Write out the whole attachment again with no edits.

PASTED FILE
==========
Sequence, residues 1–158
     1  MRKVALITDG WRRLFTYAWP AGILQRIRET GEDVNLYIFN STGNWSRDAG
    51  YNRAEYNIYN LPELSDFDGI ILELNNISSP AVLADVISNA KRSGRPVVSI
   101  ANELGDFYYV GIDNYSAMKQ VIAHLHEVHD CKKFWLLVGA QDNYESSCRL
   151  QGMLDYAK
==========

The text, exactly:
Sequence, residues 1–158
     1  MRKVALITDG WRRLFTYAWP AGILQRIRET GEDVNLYIFN STGNWSRDAG
    51  YNRAEYNIYN LPELSDFDGI ILELNNISSP AVLADVISNA KRSGRPVVSI
   101  ANELGDFYYV GIDNYSAMKQ VIAHLHEVHD CKKFWLLVGA QDNYESSCRL
   151  QGMLDYAK